The present invention may be provided as a computer program product, or software, that may include a machine-readable medium having stored thereon instructions, which may be used to program a computer system (or other electronic devices) to perform a process according to the present invention. A machine-readable medium includes any mechanism for storing or transmitting information in a form readable by a machine (e.g., a computer). For example, a machine-readable (e.g., computer-readable) medium includes a machine (e.g., a computer) readable storage medium (e.g., read only memory (“ROM”), random access memory (“RAM”), magnetic disk storage media, optical storage media, flash memory devices, etc.), a machine (e.g., computer) readable transmission medium (electrical, optical, acoustical or other form of propagated signals (e.g., carrier waves, infrared signals, digital signals, etc.)), etc.

FIG. 1 illustrates an exemplary network architecture 100 in which embodiments of the present invention may operate. The network architecture 100 includes a server 109 coupled to a client 101 over a network 102. The network 102 may be a private network (e.g., a local area network (LAN), a wide area network (WAN), intranet, etc.) or a public network (e.g., the Internet). The server 109 is also coupled to data storage 105. The data storage 105 includes one or more mass storage devices (e.g., disks), which may be located at a centralized location or distributed across multiple geographic locations. Although only one server 109 and one client 101 are shown, it is understood that the network architecture 100 may include any number of servers and clients.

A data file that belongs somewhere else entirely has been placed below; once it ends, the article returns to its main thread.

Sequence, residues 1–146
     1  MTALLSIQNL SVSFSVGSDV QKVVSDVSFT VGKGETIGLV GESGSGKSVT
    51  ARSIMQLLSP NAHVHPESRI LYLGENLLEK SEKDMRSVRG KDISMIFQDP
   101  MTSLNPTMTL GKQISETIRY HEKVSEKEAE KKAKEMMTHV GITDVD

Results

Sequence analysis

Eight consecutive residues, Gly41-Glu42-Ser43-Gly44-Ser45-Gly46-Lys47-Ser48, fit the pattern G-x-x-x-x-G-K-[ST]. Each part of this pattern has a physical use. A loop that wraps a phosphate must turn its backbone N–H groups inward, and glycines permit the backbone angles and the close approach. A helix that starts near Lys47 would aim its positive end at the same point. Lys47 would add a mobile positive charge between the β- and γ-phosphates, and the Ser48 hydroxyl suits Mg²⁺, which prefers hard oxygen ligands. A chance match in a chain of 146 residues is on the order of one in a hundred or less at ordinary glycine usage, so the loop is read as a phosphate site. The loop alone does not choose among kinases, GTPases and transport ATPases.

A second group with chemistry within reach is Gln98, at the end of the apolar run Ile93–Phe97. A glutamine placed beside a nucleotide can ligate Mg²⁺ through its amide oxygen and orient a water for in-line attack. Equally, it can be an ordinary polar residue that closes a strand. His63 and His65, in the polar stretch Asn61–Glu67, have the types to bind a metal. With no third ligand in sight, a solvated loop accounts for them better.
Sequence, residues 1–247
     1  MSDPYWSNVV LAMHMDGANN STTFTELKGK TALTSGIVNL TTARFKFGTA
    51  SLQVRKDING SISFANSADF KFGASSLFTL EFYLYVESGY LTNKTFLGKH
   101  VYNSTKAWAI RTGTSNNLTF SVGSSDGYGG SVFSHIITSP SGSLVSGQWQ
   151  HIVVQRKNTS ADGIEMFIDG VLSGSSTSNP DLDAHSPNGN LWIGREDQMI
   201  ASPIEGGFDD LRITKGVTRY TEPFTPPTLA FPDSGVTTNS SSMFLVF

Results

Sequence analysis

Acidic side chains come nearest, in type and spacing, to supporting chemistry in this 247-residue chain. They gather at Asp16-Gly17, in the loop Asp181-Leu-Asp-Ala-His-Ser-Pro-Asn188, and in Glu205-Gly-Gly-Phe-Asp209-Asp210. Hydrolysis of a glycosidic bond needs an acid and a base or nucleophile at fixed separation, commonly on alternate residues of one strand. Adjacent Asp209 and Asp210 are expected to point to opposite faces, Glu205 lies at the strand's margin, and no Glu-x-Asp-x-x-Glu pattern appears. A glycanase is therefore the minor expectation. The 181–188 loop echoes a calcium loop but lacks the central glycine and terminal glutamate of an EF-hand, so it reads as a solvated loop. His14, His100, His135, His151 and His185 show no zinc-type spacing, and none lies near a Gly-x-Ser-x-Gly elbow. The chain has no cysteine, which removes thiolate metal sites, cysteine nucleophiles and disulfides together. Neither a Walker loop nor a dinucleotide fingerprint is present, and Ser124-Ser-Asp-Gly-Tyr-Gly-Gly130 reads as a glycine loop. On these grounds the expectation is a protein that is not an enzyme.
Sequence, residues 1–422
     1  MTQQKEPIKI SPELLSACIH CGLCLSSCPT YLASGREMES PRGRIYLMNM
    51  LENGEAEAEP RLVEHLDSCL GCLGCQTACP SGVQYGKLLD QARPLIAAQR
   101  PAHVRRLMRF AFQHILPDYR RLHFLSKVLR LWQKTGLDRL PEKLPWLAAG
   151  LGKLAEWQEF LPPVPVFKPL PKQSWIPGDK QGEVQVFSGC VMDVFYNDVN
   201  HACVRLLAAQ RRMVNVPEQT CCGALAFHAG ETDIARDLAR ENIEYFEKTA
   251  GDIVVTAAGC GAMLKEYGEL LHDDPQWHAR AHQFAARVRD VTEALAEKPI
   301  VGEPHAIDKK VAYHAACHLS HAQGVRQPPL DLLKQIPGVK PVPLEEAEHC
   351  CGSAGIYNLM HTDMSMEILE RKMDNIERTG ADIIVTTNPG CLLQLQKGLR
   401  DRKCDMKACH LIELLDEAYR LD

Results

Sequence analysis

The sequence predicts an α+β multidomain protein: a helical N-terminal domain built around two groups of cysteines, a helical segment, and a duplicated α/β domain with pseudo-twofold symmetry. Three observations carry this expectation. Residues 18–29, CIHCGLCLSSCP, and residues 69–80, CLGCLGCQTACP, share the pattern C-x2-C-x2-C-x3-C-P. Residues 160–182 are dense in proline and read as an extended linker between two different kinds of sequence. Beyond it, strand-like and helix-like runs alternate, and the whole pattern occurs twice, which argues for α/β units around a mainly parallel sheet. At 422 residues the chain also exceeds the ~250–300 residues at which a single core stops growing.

In one embodiment, the server 109 provides the Network File System (NFS) to the client 101. The client 101 can access data in the data storage 105 via the server 109 using the NFS protocol. In alternative embodiments, a different file system and/or a different file system protocol may be used. The data storage 105 can be used to store files that belong to the client and are not currently used by the client 101. For example, a backup copy of the client files may be stored in the data storage 105. The files that are currently in use can be stored locally on the client 101.

In one embodiment, the client 101 may be a power client. In a client-based computing (CBC) environment, a power client is a client that can run at least one virtual machine. The virtual machine 131 may run a guest operating system that is different from the underlying client operating system. The guest operating system may include Microsoft Windows, Linux, Solaris, Mac OS, etc. If a power client runs multiple virtual machines 131, the guest operating system on each virtual machine may be the same or different. The power client may include a hypervisor 132 that emulates the underlying client hardware 135, making the use of the virtual machine 131 transparent to the guest operating system and the user of the client 101. The hypervisor 132 may also be known as a virtual machine monitor (VMM) or a kernel-based hypervisor. In some embodiments, the hypervisor 132 is part of a client operating system.

Some files of the virtual machine 131 may not be in current use, and can be stored in the data storage 105 though the server 109. Power clients are not trusted clients. Therefore, power clients are prevented from directly accessing the files in the data storage 105.

Alternatively, the client 101 may be a client device that is not a power client. The client 101 may store files in the data storage 105, and access these files via the server 109 when necessary. In an embodiment where the network architecture 100 includes multiple clients, some of the clients can be power clients and some of the other clients can be non-power clients. To protect data integrity in the data storage 105, the server 109 may treat all of these clients as untrusted clients. It is understood that the operations to be described below (with reference to FIGS. 2-4) can be applied to any untrusted client that stores and accesses its files in the data storage 105 though the server 109.